American Sports in an Age of Consumption
How Commercialization Is Changing the Game
About the Book
Sports are not what they used to be. New publicly funded stadiums resemble shopping malls. Fans compete for cash prizes in fantasy sports leagues. Sports video games are now marketing and public relations tools and team logos have become fashionable brands.
The larger social meanings sports hold for fans are being eclipsed by their commercial function as a means to sell merchandise and connect corporate sponsors with consumers. This book examines how the American consumer culture affects professional and collegiate sports, reducing fans to consumers and trivializing sports themselves.
Instructors considering this book for use in a course may request an examination copy here.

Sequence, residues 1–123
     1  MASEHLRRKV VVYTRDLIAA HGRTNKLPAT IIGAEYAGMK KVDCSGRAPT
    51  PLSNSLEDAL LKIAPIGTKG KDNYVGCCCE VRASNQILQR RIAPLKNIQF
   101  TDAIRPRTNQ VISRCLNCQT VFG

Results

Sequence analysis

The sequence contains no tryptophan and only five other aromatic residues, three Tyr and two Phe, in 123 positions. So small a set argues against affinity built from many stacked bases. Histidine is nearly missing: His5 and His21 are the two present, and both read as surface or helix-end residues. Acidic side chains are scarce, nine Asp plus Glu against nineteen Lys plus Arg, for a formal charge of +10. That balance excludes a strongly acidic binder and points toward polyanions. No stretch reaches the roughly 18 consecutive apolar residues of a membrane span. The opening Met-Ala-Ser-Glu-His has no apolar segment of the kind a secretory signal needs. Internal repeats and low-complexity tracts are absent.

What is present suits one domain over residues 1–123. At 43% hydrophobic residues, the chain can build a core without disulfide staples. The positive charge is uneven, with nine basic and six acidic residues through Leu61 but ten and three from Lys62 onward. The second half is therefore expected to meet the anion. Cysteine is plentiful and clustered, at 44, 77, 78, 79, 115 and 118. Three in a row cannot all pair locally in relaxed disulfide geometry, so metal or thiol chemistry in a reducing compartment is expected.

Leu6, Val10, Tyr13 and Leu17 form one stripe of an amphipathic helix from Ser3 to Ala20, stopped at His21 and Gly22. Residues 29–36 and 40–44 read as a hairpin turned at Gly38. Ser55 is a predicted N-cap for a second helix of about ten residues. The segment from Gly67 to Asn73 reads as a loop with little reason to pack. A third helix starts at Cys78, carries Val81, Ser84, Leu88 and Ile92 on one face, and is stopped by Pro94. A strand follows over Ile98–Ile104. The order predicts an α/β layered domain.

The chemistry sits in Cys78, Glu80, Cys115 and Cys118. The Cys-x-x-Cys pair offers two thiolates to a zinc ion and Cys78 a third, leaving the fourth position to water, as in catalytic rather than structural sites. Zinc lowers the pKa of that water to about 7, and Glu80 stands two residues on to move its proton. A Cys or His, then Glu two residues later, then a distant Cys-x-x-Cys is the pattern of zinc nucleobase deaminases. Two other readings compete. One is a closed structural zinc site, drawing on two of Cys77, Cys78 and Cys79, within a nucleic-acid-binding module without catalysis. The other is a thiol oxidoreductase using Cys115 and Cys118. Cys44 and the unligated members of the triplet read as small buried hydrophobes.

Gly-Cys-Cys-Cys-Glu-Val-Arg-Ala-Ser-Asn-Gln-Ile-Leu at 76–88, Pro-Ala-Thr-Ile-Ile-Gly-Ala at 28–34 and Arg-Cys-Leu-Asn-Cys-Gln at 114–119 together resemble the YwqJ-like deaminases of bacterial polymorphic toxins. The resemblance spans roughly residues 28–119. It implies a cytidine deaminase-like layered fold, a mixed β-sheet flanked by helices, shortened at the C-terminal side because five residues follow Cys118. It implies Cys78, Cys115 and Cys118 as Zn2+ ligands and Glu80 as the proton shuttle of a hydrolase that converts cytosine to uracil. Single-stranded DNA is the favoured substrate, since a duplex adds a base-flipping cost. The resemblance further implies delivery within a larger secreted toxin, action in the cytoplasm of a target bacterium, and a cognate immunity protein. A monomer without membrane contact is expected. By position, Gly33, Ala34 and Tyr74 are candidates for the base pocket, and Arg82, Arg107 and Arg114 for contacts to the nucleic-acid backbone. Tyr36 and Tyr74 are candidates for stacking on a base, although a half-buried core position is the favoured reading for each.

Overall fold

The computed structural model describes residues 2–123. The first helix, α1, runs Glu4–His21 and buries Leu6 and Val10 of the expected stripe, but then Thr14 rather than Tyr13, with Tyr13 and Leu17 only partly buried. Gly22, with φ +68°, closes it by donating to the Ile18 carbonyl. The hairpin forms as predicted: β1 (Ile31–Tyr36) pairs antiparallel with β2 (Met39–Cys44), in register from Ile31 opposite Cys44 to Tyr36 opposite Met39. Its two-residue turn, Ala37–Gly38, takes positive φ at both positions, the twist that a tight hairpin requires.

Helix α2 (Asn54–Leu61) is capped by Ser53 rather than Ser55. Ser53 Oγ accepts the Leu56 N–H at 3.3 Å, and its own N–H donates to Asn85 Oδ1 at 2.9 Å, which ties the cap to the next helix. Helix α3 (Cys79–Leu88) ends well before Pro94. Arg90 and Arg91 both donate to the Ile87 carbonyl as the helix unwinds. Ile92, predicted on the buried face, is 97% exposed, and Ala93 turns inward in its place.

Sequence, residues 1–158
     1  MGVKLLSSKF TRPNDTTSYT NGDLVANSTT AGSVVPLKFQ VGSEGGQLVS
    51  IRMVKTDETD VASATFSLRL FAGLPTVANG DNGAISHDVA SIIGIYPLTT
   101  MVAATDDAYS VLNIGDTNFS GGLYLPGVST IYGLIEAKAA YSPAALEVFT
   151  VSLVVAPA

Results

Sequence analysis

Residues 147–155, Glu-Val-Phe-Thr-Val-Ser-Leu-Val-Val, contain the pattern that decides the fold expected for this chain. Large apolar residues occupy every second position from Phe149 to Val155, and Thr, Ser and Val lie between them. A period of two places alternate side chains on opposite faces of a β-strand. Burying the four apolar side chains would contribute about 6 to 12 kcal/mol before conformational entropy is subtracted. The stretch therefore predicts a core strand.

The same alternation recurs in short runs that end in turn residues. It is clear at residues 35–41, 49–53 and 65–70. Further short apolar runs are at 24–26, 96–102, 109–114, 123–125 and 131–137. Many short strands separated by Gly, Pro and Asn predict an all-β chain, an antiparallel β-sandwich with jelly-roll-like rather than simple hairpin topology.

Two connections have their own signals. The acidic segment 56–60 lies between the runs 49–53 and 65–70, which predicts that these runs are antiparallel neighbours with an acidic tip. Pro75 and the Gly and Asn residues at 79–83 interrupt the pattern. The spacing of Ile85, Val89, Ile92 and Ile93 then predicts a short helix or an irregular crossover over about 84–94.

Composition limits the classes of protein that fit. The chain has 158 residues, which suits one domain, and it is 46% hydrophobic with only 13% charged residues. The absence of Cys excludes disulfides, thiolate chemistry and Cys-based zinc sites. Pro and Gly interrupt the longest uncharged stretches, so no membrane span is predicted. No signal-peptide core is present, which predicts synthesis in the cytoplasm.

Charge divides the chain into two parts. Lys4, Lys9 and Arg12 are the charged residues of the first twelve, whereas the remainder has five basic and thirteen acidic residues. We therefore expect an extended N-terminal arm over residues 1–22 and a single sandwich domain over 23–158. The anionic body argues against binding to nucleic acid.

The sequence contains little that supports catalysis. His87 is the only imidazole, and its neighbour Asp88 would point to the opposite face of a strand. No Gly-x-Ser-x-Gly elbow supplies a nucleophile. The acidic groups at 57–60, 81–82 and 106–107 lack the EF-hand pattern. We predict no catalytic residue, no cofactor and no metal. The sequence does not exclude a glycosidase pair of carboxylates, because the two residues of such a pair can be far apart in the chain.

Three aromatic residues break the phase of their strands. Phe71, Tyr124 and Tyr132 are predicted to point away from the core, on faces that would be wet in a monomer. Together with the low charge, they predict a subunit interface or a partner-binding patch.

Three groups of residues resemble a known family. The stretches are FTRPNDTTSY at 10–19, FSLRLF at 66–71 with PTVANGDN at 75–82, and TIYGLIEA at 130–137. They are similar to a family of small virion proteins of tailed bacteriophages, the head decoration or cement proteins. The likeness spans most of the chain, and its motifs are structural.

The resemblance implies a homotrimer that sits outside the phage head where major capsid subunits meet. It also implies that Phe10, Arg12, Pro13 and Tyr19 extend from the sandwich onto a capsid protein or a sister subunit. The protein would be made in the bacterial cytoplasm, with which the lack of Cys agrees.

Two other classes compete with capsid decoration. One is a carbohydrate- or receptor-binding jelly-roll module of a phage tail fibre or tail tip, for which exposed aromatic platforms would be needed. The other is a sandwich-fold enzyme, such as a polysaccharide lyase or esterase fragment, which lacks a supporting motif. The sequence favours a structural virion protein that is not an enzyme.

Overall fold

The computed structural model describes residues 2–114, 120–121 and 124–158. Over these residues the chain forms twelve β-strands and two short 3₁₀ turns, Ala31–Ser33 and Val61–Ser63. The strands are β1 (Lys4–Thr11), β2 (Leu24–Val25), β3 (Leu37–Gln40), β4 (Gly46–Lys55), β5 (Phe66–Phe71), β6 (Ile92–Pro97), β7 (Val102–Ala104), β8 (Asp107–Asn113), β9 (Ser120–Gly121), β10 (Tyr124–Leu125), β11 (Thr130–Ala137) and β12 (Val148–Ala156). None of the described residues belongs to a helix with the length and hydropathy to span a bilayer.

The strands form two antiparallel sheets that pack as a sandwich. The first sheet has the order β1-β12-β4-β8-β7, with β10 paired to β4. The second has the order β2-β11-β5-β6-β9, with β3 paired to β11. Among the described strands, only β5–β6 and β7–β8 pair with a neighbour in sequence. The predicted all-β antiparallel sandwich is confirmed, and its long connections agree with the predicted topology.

About the Author(s)
Cory Hillman is an Assistant Professor in Communication Studies at Ashland University. His work has appeared in the Communication & Sport journal as well as in various books. He lives in Ashland, Ohio.
Format: softcover (6 x 9)
Bibliographic Info: notes, bibliography, index
Copyright Date: 2016
Table of Contents
Introduction: Sports, Democracy and Consumer Culture 5
One—Welcome to the Consumer Arena: Sports Stadiums and Consumerism 19
Two—The Sports Gaming Culture 72
Three—Does It Have to Be in the Game? Sports Video Games and Sponsorship 92
Four—“It’s Not How You Play, but How You Look”: Sports Merchandising and Consumer Spectacle 127
Five—Sports, Consumer Culture and the Prospects for Change 149
Chapter Notes 161
Book Reviews & Awards
- “A solid overview of the stadium construction fad that intensified in the 1990s and continues today…highly readable and informative account…the value of this book is to offer an insightful and informative survey of the relationship between sports and consumerism…well worth reading”—Sport in American History